Next, the Public Protector finds that Moosa failed to disclose his conflict of interest and recuse himself from the tender process as he should have done. It says:

“Mr Moosa failed to manage his said conflict of interests in compliance with the Conflict of Interest Policy of Eskom and therefore acted improperly.”

Inexplicably, despite all this, the report concludes that the contract awarded to Hitachi was not in any way affected by Mr Moosa’s improper conduct. On this basis, the Public Protector finds that:

“…the awarding of the contract by Eskom to an entity in which the ruling political party has an interest was not unlawful.”

The question is, on what basis does the Public Protector reach this conclusion? How could he know that Moosa, an ANC NEC member, did not influence the outcome in favour of a company 25% owned by an ANC?

The Public Protector reasoned that the fact that the contract was initially awarded to another company – Alston and Steinmuller – “supports the contention that the boiler contract was not awarded to the Hitachi Consortium because of its relationship with the ANC.”

At first glance, this seems plausible. After all, if Moosa was acting on behalf of the ANC, why was the contract initially awarded to a company that had no links to the ANC?

This is where things get really interesting. According to the Mail & Guardian, when Eskom announced the awarding of the contract in November 2007 it said that:

“… a consortium of engineering firms, Alstom and Steinmuller, had originally outscored Hitachi , and that the board had approved the award to them. Only after Alstom and Steinmuller hiked its price following a difference of opinion over the scope of the work were negotiations reopened with Hitachi which then emerged as the preferred bidder on an objective basis.”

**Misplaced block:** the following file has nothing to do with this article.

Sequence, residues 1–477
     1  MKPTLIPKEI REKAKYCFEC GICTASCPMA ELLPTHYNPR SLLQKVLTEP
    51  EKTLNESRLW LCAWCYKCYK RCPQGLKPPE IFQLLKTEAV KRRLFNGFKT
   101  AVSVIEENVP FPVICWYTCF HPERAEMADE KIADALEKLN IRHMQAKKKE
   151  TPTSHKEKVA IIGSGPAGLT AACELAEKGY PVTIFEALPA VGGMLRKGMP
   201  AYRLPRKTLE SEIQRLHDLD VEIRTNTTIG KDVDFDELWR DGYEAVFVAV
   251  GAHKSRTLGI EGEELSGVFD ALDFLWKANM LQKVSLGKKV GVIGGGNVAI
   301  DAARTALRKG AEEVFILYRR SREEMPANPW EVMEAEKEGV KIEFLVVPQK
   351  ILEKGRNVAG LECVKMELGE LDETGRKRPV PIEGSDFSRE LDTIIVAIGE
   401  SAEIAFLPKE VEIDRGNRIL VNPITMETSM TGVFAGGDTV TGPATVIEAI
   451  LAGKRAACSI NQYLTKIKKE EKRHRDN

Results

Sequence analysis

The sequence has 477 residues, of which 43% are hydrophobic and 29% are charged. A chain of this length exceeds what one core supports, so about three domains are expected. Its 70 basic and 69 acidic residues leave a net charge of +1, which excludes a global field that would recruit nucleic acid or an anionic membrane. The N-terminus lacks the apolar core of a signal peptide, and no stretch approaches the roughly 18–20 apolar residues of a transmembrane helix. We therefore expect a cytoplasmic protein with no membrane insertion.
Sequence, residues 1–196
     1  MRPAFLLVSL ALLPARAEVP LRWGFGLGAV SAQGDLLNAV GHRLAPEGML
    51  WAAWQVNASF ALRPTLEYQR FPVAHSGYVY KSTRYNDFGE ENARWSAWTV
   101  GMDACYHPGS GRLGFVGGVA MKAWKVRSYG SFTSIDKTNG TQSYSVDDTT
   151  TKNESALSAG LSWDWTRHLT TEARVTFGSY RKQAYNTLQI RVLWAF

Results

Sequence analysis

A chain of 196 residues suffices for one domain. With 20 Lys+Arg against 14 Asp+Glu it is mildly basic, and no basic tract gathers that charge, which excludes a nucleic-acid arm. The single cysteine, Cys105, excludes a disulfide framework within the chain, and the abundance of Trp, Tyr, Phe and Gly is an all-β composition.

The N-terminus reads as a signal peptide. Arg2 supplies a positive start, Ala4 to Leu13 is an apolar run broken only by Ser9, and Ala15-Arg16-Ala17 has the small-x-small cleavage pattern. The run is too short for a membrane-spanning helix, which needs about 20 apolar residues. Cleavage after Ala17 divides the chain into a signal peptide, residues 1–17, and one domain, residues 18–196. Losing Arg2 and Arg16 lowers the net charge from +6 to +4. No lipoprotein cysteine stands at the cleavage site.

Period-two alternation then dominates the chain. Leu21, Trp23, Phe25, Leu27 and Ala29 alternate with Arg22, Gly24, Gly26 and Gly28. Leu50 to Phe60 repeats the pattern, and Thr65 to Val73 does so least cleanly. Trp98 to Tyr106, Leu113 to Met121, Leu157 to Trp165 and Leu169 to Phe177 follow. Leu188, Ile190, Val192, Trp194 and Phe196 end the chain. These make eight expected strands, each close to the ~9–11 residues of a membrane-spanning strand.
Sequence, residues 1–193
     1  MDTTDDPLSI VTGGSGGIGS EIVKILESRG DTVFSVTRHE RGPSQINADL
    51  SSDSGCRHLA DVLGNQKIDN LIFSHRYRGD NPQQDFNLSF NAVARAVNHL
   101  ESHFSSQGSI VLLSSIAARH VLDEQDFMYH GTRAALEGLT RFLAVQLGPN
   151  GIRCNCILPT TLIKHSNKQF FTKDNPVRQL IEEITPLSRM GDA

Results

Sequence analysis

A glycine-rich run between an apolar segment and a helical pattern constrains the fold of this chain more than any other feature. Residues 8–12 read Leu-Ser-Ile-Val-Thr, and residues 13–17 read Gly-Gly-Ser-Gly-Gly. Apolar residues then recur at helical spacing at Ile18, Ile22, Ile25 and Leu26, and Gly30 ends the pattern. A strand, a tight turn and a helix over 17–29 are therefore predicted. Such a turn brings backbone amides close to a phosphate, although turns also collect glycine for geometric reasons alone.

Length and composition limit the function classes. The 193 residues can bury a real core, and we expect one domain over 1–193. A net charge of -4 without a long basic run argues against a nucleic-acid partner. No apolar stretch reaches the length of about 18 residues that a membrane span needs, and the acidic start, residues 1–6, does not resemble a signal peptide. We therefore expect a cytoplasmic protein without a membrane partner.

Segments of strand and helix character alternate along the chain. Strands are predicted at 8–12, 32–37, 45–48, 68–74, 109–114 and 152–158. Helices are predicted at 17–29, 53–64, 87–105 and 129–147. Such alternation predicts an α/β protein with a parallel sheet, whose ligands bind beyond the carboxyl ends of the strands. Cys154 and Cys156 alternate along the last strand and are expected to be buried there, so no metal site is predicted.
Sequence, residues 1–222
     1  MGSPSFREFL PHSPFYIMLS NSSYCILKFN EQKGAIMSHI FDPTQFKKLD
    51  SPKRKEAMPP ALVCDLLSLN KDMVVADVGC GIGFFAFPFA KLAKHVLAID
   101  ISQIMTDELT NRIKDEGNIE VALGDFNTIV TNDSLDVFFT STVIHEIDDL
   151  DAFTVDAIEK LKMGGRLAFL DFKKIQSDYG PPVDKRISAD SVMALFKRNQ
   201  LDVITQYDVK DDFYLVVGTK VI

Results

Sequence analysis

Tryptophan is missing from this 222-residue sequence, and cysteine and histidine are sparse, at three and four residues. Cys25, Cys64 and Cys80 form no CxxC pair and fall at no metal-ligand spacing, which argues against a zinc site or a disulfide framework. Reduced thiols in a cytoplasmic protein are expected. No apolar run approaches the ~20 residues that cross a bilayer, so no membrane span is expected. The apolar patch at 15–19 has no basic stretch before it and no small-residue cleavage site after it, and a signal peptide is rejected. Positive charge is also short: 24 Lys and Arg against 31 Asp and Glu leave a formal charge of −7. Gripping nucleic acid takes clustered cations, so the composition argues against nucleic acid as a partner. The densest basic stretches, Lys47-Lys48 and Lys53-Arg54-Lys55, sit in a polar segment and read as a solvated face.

In other words, after winning the bid, Alstom and Steinmuller voluntarily pulled out. As a source told the Mail and Guardian at the time, Alstom had “effectively disqualified themselves” by not meeting Eskom requirements.

The plot really thickens if you consider a ruling by the European Competition Commission in January 2007. The Commission imposed a record €750-million fine (R7,5-billion) on a cartel for colluding to fix prices and share out tenders.

Two of the main players in this cartel were none other than Alstom and Hitachi.

In its press release, the European Competition Commission said it had “put an end to a cartel which has cheated public utility companies and consumers for more than 16 years.” It found that members of the cartel met regularly “to divide projects and to prepare sham bids by the companies not supposed to win the tender, in order to leave an impression of genuine competition.”

This raises new and interesting questions about the Eskom tender process. Given Hitachi and Alstom’s previous corrupt relationship, it introduces the possibility that there may have been some form of collusion between the two companies in this instance.

Allowing Alstom to win the Medupi boiler contract – only for it to pull out later – would have given the eventual awarding of the tender to an ANC-linked company the veneer of legality and respectability required to ensure that Hitachi was awarded the tender with no come-backs. Indeed, that Hitachi was the second (albeit only other) choice gave the Public Protector sufficient grounds to conclude that the awarding of the tender was lawful, despite Moosa’s failure to manage his conflict of interest.

And, having disqualified itself from the boiler tender, what did Alstom gain? Alstom was the winning bidder of the R13-billion Eskom steam turbine contract – but only after Hitachi (again, the only other bidder) pulled out of the tender process because “it could not meet the original delivery schedule”. (“ANC Front wins Huge State Tender”, Mail & Guardian, 23 November 2007).

In other words, Hitachi and Alstom appear to have stood back to allow each other to win a part of the contract while maintaining the façade that this was a competitive process.

The evidence, although very powerful, must still be tested. As the opposition, it is our duty to raise these kinds of questions – particularly when the public’s money and interest is at stake. I have therefore written to the South African Competition Commission to request that it investigates the possibility that there was collusion in this tender process.

There is something rotten at the heart of the Eskom deals. It is a contagion that has spread from the rotten heart of the ruling party. We will do all in our power to get to the truth.

Signed Helen Zille